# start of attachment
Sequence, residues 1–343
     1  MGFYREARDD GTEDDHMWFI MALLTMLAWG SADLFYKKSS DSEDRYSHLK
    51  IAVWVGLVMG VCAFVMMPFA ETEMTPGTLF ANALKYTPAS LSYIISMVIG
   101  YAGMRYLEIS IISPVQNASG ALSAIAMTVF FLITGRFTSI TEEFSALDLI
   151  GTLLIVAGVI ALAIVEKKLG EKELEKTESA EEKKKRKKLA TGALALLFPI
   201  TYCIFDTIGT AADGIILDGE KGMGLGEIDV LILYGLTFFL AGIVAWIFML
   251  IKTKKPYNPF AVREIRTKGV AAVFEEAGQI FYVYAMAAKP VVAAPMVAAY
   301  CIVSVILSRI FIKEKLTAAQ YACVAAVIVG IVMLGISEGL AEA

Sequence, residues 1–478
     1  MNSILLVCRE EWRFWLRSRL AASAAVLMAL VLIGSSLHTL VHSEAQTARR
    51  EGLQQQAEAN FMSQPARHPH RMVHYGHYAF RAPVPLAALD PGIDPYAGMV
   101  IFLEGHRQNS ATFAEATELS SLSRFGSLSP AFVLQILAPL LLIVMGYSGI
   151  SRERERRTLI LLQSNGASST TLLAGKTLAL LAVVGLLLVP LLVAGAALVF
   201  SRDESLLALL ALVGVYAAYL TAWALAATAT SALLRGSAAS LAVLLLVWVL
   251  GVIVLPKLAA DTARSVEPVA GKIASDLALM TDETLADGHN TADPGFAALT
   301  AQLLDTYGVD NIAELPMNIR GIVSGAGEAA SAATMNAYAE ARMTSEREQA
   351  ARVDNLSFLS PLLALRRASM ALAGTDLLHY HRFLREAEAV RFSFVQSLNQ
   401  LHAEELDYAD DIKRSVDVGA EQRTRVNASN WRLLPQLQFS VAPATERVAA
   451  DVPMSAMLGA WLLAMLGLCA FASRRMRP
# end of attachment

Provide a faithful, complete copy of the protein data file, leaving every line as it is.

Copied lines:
Sequence, residues 1–343
     1  MGFYREARDD GTEDDHMWFI MALLTMLAWG SADLFYKKSS DSEDRYSHLK
    51  IAVWVGLVMG VCAFVMMPFA ETEMTPGTLF ANALKYTPAS LSYIISMVIG
   101  YAGMRYLEIS IISPVQNASG ALSAIAMTVF FLITGRFTSI TEEFSALDLI
   151  GTLLIVAGVI ALAIVEKKLG EKELEKTESA EEKKKRKKLA TGALALLFPI
   201  TYCIFDTIGT AADGIILDGE KGMGLGEIDV LILYGLTFFL AGIVAWIFML
   251  IKTKKPYNPF AVREIRTKGV AAVFEEAGQI FYVYAMAAKP VVAAPMVAAY
   301  CIVSVILSRI FIKEKLTAAQ YACVAAVIVG IVMLGISEGL AEA

Sequence, residues 1–478
     1  MNSILLVCRE EWRFWLRSRL AASAAVLMAL VLIGSSLHTL VHSEAQTARR
    51  EGLQQQAEAN FMSQPARHPH RMVHYGHYAF RAPVPLAALD PGIDPYAGMV
   101  IFLEGHRQNS ATFAEATELS SLSRFGSLSP AFVLQILAPL LLIVMGYSGI
   151  SRERERRTLI LLQSNGASST TLLAGKTLAL LAVVGLLLVP LLVAGAALVF
   201  SRDESLLALL ALVGVYAAYL TAWALAATAT SALLRGSAAS LAVLLLVWVL
   251  GVIVLPKLAA DTARSVEPVA GKIASDLALM TDETLADGHN TADPGFAALT
   301  AQLLDTYGVD NIAELPMNIR GIVSGAGEAA SAATMNAYAE ARMTSEREQA
   351  ARVDNLSFLS PLLALRRASM ALAGTDLLHY HRFLREAEAV RFSFVQSLNQ
   401  LHAEELDYAD DIKRSVDVGA EQRTRVNASN WRLLPQLQFS VAPATERVAA
   451  DVPMSAMLGA WLLAMLGLCA FASRRMRP